BELLOWS FALLS, Vt. — Officer Mario Checchi and Caesar the K9, of the Bellows Falls Police Department, have been a crime-fighting team for the past three years.
When the two first met, Caesar was a timid puppy and was afraid of floors and stairs.
“He had a lot of fears with surfaces,” Checchi said. Now the dog is fearlessly busting drug dealers.
Checchi is Caesar’s handler and an avid dog lover. He always loved police work and wanted to work with animals. Growing up, Checchi idolized his uncle, who worked as the K9 handler for a New York police department. There were probably only three days, in middle school, where Checchi didn’t know that being a K9 handler was what he wanted to do with his life, he said. Checchi originally worked for the Walpole, N.H., Police Department. He thought about implementing a K9 program there but wasn’t able to.
In 2014, Checchi met Caesar, who was donated to the police department by the Vermont State Police Canine Association. Checchi and Caesar had to go through a six-month training process at the Vermont Canine Academy to get certified. Then they attended another six-month course to get Caesar certified to track people.
“He developed real, real fast,” Checchi said. “Not only with obedience training, but with his own confidence.”
Caesar is a Belgian Malinois, which, Checchi said, is usually a high-energy breed. But Caesar is low-key, Checchi said, and “great with kids.”
Caesar and Checchi start each shift with 45 minutes of play. This is when Checchi gets Caesar prepared for the day.
“I like to get him energized,” he said. In a larger agency, Checchi said, his only job would be to work with Caesar answering K9 calls. Checchi still has the same responsibilities as other Bellows Falls police officers, so Caesar spends a lot of time hanging out with Checchi as he does paperwork or responds to non-K9 calls.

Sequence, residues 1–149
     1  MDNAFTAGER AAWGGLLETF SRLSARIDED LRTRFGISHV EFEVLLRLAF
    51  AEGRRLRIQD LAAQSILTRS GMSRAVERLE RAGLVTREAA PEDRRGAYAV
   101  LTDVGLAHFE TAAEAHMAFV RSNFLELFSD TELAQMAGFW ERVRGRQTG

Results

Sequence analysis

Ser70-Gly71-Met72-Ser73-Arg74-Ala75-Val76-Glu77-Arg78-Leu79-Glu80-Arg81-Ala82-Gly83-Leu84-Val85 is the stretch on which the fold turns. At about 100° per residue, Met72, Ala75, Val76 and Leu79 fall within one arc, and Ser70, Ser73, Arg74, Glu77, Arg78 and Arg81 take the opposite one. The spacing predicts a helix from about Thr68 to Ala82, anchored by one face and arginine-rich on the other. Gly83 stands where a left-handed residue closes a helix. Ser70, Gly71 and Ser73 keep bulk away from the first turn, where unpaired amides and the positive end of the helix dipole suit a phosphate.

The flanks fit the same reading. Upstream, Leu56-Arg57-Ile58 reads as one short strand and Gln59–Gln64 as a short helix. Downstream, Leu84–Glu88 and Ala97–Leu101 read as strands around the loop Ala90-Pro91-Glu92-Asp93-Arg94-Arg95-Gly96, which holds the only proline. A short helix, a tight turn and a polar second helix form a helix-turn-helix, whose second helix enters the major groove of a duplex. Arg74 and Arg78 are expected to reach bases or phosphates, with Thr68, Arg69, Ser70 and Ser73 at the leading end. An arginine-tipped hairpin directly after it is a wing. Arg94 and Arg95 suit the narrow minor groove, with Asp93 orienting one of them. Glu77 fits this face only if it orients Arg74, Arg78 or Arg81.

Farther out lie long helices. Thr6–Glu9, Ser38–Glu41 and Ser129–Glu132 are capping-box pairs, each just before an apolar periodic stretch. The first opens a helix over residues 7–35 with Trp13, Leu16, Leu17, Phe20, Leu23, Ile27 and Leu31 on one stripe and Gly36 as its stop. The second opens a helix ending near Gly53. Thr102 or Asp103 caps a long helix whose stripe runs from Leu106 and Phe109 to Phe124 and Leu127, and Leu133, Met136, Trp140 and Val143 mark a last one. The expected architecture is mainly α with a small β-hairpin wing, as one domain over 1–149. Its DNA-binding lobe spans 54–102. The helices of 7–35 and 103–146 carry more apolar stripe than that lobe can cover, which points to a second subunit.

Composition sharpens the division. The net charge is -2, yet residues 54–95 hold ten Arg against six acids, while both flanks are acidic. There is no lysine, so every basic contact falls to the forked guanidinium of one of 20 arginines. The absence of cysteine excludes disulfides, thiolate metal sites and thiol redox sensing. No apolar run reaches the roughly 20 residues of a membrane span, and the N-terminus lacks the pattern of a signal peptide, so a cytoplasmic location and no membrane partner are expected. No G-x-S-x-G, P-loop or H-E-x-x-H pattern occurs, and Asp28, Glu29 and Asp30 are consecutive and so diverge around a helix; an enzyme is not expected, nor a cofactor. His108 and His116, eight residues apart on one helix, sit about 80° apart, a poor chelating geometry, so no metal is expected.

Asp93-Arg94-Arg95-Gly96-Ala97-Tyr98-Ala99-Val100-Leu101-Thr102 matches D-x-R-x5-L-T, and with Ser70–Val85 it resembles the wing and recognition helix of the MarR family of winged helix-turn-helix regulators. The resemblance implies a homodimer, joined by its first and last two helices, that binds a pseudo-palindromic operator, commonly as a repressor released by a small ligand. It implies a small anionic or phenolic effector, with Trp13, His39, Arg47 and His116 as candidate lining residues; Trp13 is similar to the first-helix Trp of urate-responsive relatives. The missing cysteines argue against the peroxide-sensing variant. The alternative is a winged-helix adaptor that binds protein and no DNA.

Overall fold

“I really couldn’t ask for a better partner,” he said. “He’s good at sensing when you’re having a bad day.”
When Caesar’s not working he goes back home to Checchi’s house. He’s a part of the family.
Caesar’s services have been needed many times. He’s assisted in catching someone involved in a robbery of a Sunoco gas station, tracked a suspect down in Springfield and most recently helped BFPD confiscate 1,000 bags of suspected heroin.
“He’s very excited to do his job,” Checchi said.
Having a K9 in Bellows Falls deters criminal activity, Checchi said. Criminals are less likely to traffic contraband into town if they know there’s a K9 who can sniff it out. Police can pull people over in vehicles or stop them if they’ve committed a civil violation. Once they’ve stopped someone, if they have a reason to suspect drugs, Caesar can be deployed. Caesar can smell the outside of a vehicle or home. When Caesar finds something like drugs, he indicates to the police what he’s found by scratching the surface. Once Caesar signals, police can get a search warrant. Caesar has been deployed on about 400 to 500 searches, Checchi said. “He does not false alert,” he said.
Overall Checchi is just glad he gets to work with Caesar.
“I couldn’t ask for a better dog,” Checchi said. “He’s been a huge benefit, not only for me but for the community and the department.”
Information from: Brattleboro Reformer, http://www.reformer.com/